Want To Visit Chernobyl? Here’s How To Do It
HBO’s Chernobyl TV show is one that's brought out the best and worst in people. In one way, you could argue that it has brought out humanity's ability to connect with one of its greatest tragedies on an entirely new level
People resonated with a show that told a fairly niche, intense story to the point where it's now the highest-rated show in imdb's history. On the other hand, however, the pop culture clout of the show is such that people have been flocking to their droves to the actual Chernobyl to take in the sight of a real-life nuclear wasteland.
"We have seen a 35 percent rise in bookings," Victor Korol, director of the tour company SoloEast, that runs tours around the exclusion zone that still surrounds the plant, told CNN a few weeks ago. "Most of the people say they decided to book after seeing this show. It's almost as though they watch it and then jump on a plane over."
This can obviously be a good thing. Tourism is good for the local economy. However, it's also brought out the worst of Instagram culture, with influencers also descending on the site to take what could possibly be the most inappropriate selfies ever taken. Even the writer of the show has had to step in, telling people to cool it with the half-naked Instagram posts taken in the middle of a city where people quite literally lost their lives in a nuclear disaster.
Of course, this shouldn't take away from your own desire to experience and learn about what really happened here. Traveling to Chernobyl and its surrounding areas, vast swathes of which are still completely uninhabitable and will be for thousands of years to come, is an incredibly unique experience. The city of Pripyat, once home to the plant's workers and their families, is one of the world's most iconic ghost towns. But as with all sites here, it'll take some planning.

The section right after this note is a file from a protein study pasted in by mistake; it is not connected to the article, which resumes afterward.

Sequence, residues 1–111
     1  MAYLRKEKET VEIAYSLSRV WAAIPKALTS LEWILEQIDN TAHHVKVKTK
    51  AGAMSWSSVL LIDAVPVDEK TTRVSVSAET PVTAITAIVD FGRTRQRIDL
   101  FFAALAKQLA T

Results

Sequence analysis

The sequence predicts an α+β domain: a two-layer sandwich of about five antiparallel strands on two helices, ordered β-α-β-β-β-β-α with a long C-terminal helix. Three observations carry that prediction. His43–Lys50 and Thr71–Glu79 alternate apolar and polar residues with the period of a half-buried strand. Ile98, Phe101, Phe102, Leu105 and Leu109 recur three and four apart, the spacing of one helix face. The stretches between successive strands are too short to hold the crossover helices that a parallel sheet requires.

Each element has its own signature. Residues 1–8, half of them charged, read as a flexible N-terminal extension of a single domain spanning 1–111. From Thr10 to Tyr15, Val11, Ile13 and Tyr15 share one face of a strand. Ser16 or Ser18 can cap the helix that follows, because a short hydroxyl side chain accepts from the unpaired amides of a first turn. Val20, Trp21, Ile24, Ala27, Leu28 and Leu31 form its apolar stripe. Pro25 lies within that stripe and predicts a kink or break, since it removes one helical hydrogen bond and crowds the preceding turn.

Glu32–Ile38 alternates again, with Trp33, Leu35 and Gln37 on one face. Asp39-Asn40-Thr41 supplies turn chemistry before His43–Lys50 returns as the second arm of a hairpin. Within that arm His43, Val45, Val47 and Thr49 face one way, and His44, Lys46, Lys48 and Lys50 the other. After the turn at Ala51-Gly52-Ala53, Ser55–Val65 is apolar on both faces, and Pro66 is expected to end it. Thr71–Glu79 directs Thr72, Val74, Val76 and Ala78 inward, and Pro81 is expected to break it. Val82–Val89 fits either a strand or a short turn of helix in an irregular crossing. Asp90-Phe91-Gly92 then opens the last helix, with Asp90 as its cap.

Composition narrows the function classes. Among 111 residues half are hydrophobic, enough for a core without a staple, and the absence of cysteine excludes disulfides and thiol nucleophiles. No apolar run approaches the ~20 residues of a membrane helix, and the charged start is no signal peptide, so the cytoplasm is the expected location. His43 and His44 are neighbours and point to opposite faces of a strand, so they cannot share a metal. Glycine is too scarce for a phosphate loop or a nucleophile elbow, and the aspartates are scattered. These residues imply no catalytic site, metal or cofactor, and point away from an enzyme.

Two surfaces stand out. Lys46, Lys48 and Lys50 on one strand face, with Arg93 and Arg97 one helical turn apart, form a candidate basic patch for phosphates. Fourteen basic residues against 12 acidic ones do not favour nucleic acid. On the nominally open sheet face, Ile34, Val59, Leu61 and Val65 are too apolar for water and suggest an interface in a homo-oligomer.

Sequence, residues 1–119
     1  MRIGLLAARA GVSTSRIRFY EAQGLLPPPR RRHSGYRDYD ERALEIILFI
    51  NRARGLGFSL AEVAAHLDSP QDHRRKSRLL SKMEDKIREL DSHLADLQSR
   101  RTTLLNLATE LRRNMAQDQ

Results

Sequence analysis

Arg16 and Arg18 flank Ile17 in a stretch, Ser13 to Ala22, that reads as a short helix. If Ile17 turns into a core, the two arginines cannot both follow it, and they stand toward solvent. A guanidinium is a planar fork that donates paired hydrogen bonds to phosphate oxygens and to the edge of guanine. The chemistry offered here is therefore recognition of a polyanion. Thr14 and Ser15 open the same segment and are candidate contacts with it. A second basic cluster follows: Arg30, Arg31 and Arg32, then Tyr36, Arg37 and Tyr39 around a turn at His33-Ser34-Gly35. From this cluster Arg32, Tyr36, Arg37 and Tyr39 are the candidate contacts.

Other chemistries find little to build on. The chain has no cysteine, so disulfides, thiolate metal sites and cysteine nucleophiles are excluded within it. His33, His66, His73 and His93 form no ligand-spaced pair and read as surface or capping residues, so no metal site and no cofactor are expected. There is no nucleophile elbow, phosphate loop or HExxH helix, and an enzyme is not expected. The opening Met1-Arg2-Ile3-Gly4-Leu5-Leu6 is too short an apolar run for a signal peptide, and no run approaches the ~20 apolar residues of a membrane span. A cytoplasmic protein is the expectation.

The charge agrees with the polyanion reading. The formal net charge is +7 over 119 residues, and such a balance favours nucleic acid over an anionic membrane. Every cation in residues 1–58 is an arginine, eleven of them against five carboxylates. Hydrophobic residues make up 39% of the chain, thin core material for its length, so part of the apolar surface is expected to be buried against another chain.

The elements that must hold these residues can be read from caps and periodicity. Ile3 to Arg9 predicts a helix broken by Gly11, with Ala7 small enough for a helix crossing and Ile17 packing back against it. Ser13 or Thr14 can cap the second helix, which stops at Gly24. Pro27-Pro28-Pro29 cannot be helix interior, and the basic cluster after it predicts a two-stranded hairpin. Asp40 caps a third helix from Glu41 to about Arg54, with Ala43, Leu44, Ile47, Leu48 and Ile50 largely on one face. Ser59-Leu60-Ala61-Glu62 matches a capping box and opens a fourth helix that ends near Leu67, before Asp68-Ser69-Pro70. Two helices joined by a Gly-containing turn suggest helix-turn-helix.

You can realistically do Chernobyl and its surroundings in a day if you so choose, but any mavericks out there should remember that you cannot get into Chernobyl without a licensed guide. Seriously. You won't be let in, and nor should you be. A 2600 km sq exclusion zone exists around the city and its surroundings, and unless you want to meet your end via either radiation poisoning or the business end of an AK-47, you'd be wise to stick to the tour groups.
Most tours to the city exist in day-trip form, and cover either the plant or the city of Pripyat for anywhere between $105-140. You can also sign up for a two or three day tour, some of which actually make use of a 3-star hotel inside the city of Chernobyl or accommodation directly outside the exclusion zone. They'll set you back roughly $105 a day.
Guided tours around Chernobyl's exclusion zone are nothing new, but the surge in popularity surrounding the city has given rise to an entirely new breed of stylish travel options. For around $4170, companies like Atlas Obscura are now offering 10 day guided tours around the area, taking in not only Pripyat and the immediate area surrounding the plant, but also taking travellers to experience the historic region of Bessarabia, the Pechersk Lavra monastery, the Odessa Catacombs, and the residence of former president Viktor Yanukovych.